Today, the Ontario NDP presented its comprehensive platform costing, including all policies announced during the election campaign. A popular theme among commentators has been that platform costings are unrealistic given the deteriorating economic outlook. As Andrea Horwath noted, her platform includes significant contingency funds. It is also cautiously built on the fiscal framework set out […]

The Ontario NDP Platform

Pollsters tell us that Ontario’s New Democrats may double their seat total in next month’s provincial election. It’s also entirely conceivable that they could be part of a coalition government at Queen’s Park. But what’s actually in the party’s election platform? One central feature of the NDP’s proposals is to implement a tax credit for companies that hire new workers. The tax […]

So the BC HST Was Defeated. Now What?

Earlier today, Elections BC announced the much anticipated HST referendum results. British Columbians have voted to scrap the HST. The best part about having the results is that now we can move on from the narrow issue of what type of sales tax is better and focus our energies on some of the bigger issues […]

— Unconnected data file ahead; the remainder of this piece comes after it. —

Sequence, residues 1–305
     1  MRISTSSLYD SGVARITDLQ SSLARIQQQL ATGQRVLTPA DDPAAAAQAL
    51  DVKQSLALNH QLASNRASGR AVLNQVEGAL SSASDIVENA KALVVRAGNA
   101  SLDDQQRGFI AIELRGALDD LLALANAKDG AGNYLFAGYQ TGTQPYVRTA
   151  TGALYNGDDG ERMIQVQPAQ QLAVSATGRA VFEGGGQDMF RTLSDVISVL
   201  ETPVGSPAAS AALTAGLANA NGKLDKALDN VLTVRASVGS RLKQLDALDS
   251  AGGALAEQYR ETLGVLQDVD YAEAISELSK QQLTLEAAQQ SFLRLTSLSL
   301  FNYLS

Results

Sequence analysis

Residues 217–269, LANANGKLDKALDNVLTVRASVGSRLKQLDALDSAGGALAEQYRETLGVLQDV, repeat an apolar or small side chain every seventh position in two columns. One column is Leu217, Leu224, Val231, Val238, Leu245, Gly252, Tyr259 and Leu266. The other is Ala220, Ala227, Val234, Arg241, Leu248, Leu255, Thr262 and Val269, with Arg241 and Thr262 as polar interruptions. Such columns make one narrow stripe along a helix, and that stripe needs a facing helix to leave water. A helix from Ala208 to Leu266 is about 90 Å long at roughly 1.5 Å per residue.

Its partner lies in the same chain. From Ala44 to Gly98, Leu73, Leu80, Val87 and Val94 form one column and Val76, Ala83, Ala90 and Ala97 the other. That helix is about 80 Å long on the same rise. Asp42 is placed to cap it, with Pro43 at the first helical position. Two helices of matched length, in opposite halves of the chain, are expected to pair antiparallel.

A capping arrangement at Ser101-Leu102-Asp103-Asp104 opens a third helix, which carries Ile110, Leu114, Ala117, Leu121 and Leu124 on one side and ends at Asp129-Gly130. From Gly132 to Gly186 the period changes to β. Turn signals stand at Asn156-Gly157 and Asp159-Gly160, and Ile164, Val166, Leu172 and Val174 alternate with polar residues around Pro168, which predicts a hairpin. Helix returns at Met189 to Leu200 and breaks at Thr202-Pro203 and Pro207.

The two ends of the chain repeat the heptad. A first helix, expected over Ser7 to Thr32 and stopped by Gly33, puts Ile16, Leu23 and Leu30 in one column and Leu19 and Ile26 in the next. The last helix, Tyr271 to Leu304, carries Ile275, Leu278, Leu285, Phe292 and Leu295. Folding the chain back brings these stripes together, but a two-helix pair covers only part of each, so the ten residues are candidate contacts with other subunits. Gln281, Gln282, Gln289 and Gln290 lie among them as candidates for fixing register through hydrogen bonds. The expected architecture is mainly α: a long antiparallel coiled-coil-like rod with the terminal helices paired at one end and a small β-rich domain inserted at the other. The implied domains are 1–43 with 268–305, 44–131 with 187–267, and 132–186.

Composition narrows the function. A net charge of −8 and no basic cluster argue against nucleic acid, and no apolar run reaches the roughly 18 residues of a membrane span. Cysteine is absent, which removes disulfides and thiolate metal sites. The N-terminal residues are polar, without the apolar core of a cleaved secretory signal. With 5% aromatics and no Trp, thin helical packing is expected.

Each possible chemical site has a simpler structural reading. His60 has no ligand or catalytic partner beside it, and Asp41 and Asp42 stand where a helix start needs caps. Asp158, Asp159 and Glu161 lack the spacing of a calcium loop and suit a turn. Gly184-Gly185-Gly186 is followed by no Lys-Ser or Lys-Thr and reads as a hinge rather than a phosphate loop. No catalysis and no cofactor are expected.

Burned by B.C.’s Toxic HST Debate

“The fact that the Clark government’s Frankenstein HST hybrid will significantly reduce provincial sales tax revenue at a time when public services are already under intense fiscal pressure is a powerful and principled reason to throw the whole package out in the referendum, and start the debate from scratch.” I may live in Ontario, but […]

BC to Raise Corporate Taxes

Amazingly, BC’s government has joined its official opposition in proposing to restore the provincial corporate income tax rate from 10% to 12%. The same government that cut from 12% to 10% would now reverse itself as part of a last-ditch effort to save the HST. Revenue from a higher corporate tax rate would help finance […]

Economic Models and Tax Policy

Over at Worthwhile Canadian Initiative (WCI), Stephen Gordon reasonably argues that economic models can be useful for policy analysis even if they lack the predictive power needed for forecasting. He writes: A well-designed model will be able to reproduce the main features of interest of the real world. More importantly, it will also be able […]

We told you so: HST introduction a factor behind GDP drop in July

Among the concerns about the HST that we at the CCPA have raised was the poor timing of the tax change. From my pre-budget piece last September: If British Columbians respond to the HST by reducing their consumer spending, the timing of the HST introduction may actually slow down the economic recovery, which should be […]

The HST and Consumer Prices